– A bill that would ban pedestrians from texting (or doing pretty much anything on your phone or another gadget) while crossing the street is probably bulldozed and dead, according to a report.

Sen. John Liu, a Democrat of Queens, introduced Senate Bill S5746 in the current session. The legislation, if passed, would slap pedestrians with fines of $25 to $50 for “using a portable electronic device while crossing a roadway.”

But the Democrat who chairs the Transportation Committee told the New York Post that the bill isn’t going anywhere—at least not in its current form. Sen. Tim Kennedy, a Democrat of Buffalo, said that he supports making streets safer but that this bill “appears to me as though this is an overreach of government.”

“I’m always open to discussing ways to reach common sense solutions, especially when they’re created with the best interests of New Yorkers in mind,” Kennedy said, according to the Post.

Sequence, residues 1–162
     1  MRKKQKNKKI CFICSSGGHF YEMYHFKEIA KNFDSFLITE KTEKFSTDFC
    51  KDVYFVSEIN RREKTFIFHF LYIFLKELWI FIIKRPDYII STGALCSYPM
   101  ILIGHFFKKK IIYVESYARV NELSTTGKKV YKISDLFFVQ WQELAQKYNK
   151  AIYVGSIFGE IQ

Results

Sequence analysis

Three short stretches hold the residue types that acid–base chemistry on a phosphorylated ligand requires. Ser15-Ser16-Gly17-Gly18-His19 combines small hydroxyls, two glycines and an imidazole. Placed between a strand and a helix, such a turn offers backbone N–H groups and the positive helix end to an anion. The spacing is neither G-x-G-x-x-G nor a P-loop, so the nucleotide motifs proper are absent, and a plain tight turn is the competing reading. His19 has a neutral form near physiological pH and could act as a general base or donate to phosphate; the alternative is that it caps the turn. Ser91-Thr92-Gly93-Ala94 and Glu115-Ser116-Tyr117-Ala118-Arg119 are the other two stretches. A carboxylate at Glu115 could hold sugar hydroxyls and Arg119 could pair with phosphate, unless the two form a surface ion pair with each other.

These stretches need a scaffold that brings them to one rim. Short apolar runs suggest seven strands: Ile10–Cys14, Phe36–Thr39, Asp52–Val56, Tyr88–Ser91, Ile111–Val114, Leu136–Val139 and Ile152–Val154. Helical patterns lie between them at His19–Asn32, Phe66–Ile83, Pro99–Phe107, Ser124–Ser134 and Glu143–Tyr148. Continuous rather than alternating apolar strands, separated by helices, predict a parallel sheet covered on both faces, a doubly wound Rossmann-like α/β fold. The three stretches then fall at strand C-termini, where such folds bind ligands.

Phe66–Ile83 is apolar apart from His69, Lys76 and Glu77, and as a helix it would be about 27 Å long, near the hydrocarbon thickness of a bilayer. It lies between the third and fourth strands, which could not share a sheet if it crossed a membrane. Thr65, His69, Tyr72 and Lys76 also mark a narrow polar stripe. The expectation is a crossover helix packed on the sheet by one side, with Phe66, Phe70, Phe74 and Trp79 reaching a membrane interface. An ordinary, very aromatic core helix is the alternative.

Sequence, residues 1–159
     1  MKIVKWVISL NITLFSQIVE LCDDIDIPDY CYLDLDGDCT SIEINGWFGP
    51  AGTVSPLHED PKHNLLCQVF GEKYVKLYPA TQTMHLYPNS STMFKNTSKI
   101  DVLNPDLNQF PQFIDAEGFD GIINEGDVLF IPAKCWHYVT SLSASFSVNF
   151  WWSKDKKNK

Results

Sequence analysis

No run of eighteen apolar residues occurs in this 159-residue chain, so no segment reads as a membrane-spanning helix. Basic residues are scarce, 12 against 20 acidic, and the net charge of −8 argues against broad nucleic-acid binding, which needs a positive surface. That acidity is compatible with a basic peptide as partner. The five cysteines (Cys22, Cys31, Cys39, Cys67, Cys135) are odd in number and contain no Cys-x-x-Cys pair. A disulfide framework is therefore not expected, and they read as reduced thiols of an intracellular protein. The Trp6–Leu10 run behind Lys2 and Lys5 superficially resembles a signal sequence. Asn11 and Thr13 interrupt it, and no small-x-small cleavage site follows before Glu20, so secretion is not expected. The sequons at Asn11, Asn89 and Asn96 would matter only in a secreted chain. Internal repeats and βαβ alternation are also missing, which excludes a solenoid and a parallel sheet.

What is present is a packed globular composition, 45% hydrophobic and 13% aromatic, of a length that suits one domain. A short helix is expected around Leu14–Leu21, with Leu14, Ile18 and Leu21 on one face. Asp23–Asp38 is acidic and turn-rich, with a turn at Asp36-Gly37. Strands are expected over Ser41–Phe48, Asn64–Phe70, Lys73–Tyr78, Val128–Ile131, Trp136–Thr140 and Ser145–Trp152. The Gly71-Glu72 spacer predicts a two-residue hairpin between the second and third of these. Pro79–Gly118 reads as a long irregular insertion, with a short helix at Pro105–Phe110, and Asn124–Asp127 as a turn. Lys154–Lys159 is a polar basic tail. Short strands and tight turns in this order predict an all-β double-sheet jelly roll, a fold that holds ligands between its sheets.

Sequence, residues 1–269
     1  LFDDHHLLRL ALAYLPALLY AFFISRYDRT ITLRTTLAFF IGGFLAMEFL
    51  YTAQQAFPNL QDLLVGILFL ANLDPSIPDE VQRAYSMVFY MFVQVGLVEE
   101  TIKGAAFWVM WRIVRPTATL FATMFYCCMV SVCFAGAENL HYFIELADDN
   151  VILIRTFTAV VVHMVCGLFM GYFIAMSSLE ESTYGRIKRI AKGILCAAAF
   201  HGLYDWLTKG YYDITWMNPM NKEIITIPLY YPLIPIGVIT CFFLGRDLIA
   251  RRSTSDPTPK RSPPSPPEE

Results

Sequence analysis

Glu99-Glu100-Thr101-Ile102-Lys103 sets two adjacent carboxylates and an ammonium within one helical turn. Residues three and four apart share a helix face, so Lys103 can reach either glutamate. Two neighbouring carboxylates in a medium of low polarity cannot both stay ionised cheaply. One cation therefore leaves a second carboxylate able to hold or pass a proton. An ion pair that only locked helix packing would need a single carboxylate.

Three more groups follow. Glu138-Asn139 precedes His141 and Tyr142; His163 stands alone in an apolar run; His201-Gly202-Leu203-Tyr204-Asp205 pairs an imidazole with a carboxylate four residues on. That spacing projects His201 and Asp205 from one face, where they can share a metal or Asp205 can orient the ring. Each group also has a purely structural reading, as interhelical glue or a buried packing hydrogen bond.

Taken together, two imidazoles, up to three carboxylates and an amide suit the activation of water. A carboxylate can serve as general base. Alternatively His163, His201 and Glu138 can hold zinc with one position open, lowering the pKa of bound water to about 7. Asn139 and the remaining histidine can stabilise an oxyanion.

The “Justification” section of the bill cites several studies showing that distracted walking can lead to injuries.

“It has been proven that distraction from texting while walking can cause pedestrians to cross roads very unsafely. Not only can trips and falls occur, but even getting hit is more than just a possibility,” the legislation reads. “Texting and walking causing car accidents are high up in statistics specifically for teenagers.”

Liu defended the bill and told the Post that many of the people he represents support it.

“I’ve talked to constituents, some of whom have been parents wouldn’t mind their teenagers getting a ticket,” Liu said.

The state Senate’s website currently lists the bill‘s status as “in committee.”



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